The Denver Post
The Colorado House Judiciary Committee on Tuesday unanimously approved a bill that would restrict prison officials from placing inmates in "long term" solitary confinement if they are mentally ill.
The bill, introduced following the slaying of prisons chief Tom Clements last year, already passed the Senate. Clements was killed by a parolee who spent several years in administrative segregation, also known as solitary.
The bill now goes to the House Appropriations Committee.
If the bill is enacted into law, the Colorado Department of Corrections would have 90 days to evaluate all offenders in solitary confinement.
If the department determines the offender is mentally ill, the state would have to move them to a step-down unit, a prison for the mentally ill or other housing.
Rep. Bob Gardner, R-Colorado Springs, said the bill is important for offenders in solitary confinement who are mentally ill, but he added that it will come with costs. According to the current amendment those costs will be about $1.6 million a year.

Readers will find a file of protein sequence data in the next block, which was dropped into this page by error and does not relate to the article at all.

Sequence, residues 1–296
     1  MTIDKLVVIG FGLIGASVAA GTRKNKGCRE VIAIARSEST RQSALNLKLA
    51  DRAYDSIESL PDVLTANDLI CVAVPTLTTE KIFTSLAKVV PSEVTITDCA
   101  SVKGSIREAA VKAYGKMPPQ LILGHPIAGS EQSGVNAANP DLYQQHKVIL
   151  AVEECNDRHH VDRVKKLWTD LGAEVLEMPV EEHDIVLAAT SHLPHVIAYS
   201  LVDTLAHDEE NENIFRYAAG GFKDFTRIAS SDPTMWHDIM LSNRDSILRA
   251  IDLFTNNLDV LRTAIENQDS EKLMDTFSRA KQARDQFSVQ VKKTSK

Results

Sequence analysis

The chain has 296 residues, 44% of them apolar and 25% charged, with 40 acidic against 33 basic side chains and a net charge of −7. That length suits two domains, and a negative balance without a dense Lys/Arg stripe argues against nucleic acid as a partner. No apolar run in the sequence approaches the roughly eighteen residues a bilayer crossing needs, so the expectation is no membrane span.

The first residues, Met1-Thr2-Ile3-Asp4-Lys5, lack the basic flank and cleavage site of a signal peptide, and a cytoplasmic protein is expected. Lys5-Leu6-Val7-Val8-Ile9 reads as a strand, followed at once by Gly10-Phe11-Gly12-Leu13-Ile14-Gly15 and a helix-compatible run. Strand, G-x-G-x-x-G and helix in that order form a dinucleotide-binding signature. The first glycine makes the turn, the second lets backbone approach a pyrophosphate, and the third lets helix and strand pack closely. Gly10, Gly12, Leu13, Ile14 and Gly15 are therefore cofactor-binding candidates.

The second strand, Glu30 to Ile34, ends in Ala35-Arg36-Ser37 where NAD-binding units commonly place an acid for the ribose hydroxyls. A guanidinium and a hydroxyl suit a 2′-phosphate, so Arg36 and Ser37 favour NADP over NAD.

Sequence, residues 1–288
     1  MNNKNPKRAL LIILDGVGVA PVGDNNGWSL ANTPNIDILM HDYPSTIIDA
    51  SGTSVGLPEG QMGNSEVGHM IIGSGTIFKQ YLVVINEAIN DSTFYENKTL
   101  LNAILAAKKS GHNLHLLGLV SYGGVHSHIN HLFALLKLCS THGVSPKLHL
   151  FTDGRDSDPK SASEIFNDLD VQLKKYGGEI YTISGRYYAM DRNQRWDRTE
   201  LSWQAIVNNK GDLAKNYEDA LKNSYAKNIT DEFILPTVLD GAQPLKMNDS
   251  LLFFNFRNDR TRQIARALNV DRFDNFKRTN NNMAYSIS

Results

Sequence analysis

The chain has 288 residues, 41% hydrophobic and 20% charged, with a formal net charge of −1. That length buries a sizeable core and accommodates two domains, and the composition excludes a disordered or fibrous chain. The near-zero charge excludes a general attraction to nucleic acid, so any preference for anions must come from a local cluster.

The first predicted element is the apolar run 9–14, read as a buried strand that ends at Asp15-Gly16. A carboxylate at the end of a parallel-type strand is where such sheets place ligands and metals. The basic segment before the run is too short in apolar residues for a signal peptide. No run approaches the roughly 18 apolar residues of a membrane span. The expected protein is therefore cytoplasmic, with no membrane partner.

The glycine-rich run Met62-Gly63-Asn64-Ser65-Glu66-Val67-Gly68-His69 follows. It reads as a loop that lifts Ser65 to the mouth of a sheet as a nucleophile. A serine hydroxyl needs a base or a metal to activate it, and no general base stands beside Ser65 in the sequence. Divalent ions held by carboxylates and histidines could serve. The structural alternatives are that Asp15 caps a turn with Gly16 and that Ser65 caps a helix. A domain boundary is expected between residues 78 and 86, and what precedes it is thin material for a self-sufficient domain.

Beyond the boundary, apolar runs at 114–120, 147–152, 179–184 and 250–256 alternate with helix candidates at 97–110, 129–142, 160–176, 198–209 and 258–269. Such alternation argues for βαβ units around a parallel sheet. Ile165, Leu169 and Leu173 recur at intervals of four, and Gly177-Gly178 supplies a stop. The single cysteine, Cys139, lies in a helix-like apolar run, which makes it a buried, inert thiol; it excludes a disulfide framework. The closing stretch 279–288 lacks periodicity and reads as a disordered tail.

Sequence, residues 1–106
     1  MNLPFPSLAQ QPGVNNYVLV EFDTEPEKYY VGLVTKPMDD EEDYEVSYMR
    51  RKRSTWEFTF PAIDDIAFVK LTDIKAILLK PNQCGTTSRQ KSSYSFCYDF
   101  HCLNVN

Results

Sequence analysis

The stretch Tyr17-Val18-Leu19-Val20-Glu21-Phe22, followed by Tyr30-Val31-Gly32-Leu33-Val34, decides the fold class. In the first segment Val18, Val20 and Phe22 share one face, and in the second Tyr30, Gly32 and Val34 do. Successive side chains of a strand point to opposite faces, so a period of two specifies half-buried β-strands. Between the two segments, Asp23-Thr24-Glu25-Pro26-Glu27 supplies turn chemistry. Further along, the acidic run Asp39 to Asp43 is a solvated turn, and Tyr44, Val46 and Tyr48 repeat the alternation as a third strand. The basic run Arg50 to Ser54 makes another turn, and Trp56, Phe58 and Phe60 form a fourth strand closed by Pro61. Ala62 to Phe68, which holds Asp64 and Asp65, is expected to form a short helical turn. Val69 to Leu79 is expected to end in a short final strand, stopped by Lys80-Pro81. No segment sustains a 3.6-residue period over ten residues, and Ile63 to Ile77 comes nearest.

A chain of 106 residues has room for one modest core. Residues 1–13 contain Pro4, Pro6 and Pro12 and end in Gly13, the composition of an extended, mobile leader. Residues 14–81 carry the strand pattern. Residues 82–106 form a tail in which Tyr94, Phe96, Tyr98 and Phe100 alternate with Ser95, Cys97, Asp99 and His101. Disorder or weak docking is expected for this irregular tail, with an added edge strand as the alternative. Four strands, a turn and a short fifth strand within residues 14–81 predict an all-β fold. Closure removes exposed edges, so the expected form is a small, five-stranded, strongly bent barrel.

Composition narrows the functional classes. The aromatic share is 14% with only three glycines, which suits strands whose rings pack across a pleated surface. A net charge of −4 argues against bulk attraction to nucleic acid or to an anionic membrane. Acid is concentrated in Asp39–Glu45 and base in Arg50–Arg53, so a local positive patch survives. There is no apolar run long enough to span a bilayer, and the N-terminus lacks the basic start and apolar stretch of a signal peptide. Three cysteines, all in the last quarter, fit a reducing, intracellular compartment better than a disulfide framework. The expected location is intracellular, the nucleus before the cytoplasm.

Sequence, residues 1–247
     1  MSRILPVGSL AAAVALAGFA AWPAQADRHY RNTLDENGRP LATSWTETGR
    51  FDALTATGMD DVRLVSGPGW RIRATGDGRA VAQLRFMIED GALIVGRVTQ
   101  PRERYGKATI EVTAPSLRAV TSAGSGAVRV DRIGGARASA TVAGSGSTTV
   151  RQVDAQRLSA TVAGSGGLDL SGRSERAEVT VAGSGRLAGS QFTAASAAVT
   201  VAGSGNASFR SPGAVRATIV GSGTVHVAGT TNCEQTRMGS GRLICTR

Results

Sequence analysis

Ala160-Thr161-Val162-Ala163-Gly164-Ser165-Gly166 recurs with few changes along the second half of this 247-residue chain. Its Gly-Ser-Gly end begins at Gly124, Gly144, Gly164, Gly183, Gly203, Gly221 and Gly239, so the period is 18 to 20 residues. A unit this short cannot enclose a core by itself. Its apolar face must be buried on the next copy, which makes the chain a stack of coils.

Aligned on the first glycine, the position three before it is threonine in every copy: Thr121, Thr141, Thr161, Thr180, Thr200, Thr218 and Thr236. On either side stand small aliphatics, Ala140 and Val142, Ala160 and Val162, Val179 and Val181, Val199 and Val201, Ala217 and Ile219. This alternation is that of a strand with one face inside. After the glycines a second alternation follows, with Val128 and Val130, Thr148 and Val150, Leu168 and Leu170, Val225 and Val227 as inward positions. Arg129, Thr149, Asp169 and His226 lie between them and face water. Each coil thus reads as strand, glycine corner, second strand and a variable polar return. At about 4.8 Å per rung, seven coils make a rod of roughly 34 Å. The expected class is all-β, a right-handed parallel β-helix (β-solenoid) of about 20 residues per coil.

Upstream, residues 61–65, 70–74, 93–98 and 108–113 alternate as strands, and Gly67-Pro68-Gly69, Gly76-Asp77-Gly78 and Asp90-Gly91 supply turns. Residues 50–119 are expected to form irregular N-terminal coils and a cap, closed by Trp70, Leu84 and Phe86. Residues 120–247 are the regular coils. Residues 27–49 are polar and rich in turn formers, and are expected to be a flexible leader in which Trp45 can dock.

"Keeping mentally ill patients out of administrative segregation is crucial," agreed Rep. Lois Court, D-Denver. "But there is so much more to be done."
Kellie Wasko, deputy executive director of CDOC, said that 1,979 Colorado inmates, or about one in 10, have been diagnosed with a serious mental illness and of those 1,400 are in the general population.
The Senate bill is sponsored by Sens. Lucia Guzman D-Denver, and Jessie Ulibarri, D-Westminster, and Rep. Joseph A. Salazar of Thornton.
"Warehousing prisoners with mental illness in long-term solitary confinement is a cruel, costly and unlawful practice that unnecessarily jeopardizes public safety," said Denise Maes, the American Civil Liberties Union's Colorado public policy director.
In testimony Maes said rehabilitation strategies are critical, because 97 percent of prisoners will be released into communities.
She said solitary confinement cells are a bit bigger than a king-size bed and offenders stay there more than 22 hours a day where they "sleep, eat and defecate — one lives their entire daily life in that cell."
Who is the Colorado Criminal Justice Reform Coalition?
Our chief areas of interest include drug policy reform, women in prison, racial injustice, the impact of incarceration on children and families, the problems associated with re-entry and stopping the practice of using private prisons in our state.
If you would like to be involved please go to our website and become a member.
Wednesday, April 23, 2014
The Denver Post